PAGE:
Welp - you get an alert. Conversion rates must have dropped.

Metric alert via email small

Alert fired

Checking your metrics confirms it. Visitors aren’t converting to buyers.

Custom Metrics show that there is a clear decline in users successfully submitting their orders.

Here is where the journey with a generic metric product ends. But with Sentry, we’ve only just started.

Metrics and Tracing: debugging supercharged

Now that we’ve managed to identify the issue, the natural next step is figuring out how to fix it. You might have a hunch about where the problem lies and pull up other metrics like response time to see if it’s a particular API that’s being problematic. Sometimes that’s enough, but sometimes it’s trickier than that. This is when it really comes in handy to have access to different kinds of data about your application within one tool.

Metrics are great for looking at the breadth of data from your application because you can easily spot anomalies and start narrowing in on the issue. Traces, on the other hand, help to look at the depth of your application, from front-end to backend, and provide rich troubleshooting data to find the root cause.

We make it easy to connect the two signals, by surfacing trace events that are correlated with the metric you’re focusing on. From the event samples table, you can then drill down into a specific trace view.

Metric to Span (17 seconds) cropped

The waterfall makes it clear that this trace is taking very long. After drilling deeper, you can see the root cause: a third-party fulfillment API is the culprit.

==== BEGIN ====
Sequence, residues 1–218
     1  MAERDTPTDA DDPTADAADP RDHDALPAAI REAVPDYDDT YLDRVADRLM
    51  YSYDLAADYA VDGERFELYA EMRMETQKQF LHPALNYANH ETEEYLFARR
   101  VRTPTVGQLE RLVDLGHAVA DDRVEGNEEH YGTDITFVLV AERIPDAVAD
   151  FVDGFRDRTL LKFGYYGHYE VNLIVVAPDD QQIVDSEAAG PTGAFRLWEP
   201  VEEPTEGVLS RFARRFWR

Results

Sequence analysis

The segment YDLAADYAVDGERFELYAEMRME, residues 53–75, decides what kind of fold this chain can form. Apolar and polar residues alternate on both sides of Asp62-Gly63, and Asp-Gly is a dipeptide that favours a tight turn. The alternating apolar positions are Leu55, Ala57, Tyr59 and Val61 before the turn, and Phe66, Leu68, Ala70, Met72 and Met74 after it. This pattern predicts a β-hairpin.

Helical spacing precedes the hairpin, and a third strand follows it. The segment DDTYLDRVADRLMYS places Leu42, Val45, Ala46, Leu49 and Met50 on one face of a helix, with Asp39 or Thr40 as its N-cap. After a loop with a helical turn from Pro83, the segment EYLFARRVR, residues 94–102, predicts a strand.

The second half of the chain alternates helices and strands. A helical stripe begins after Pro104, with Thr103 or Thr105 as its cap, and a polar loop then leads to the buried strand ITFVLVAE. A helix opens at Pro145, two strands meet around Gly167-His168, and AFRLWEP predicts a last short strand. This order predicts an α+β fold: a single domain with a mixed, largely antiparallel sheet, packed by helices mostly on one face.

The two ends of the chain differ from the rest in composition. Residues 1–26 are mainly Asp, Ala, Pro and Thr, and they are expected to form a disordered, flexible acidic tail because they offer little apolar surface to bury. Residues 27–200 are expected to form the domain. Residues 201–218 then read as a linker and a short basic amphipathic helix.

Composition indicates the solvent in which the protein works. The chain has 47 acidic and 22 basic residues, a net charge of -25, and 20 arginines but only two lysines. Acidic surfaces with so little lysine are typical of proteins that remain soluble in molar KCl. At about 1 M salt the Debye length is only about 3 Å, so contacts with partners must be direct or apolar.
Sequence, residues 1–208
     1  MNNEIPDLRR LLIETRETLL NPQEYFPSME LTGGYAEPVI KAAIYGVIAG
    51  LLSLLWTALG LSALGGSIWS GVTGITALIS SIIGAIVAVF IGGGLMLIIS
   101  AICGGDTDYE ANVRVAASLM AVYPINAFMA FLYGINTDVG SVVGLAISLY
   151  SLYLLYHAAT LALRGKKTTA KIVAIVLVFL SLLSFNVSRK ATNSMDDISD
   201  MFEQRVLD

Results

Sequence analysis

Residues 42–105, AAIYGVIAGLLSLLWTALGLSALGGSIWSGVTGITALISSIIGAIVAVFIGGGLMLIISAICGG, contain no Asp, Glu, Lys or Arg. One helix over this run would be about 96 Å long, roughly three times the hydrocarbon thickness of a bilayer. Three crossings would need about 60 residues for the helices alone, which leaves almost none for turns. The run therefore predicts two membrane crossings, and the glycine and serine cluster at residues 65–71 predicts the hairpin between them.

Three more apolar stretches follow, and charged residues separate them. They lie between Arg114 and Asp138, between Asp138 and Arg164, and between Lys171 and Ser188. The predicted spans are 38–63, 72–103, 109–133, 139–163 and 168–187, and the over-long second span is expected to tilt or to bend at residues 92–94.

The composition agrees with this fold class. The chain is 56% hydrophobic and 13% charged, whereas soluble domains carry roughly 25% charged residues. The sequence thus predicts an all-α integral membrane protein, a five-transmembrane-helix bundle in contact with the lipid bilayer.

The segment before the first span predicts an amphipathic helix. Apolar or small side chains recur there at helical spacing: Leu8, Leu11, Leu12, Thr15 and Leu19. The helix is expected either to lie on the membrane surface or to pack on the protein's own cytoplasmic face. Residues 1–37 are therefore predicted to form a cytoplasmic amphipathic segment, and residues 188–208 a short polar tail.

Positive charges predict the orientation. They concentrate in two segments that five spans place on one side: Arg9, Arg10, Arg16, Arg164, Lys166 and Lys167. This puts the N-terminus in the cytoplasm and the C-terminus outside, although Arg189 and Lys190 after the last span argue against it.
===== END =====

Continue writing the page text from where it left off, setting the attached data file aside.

Now you know exactly what to do to solve the issue and get your shop back up and running.

Not just for counting: Distributions, Gauges, and Sets

The example above shows an example of counting (tracking things that can be “incremented”), but you can create a range of metric types, including:

  • Distributions: Tracks a list of values that can be aggregated over time like max, min, and avg (for example, page load times). You can use a distribution to report on things that will reveal the health of your application, like the time it takes to start a process or the health and turnaround time of a queue.

    For example, at Sentry, we dogfood Metrics to measure the distribution of how long it takes our eventmanager to save an event. We then usually monitor the 95th percentile to check for any regressions that could impact our event ingestion pipeline.

    As you can see below, the blue dots are samples that were collected with this metric. You can use the samples table to select a single sample, or directly click on one of the dots to get to the trace details.

Distribution cropped

  • Gauges: Tracks a value that can go up or down (for example, available disk space or memory used)

  • Sets: Tracks a set of values that can be aggregations over time such as count_unique (for example, number of unique users)

Getting started

Before we added Metrics, you could measure all typical performance metrics out-of-the-box with Sentry’s Performance offering. Think transaction durations, web vitals, error count, etc. With Metrics, you have the flexibility to measure specific data points that tell you if your applications and services are healthy, and also tools to take action once you’ve identified a problem. It’s a powerful combination.

We are still in the early stages of development and look forward to hearing how you use Metrics. Share your experiences or feedback on Discord.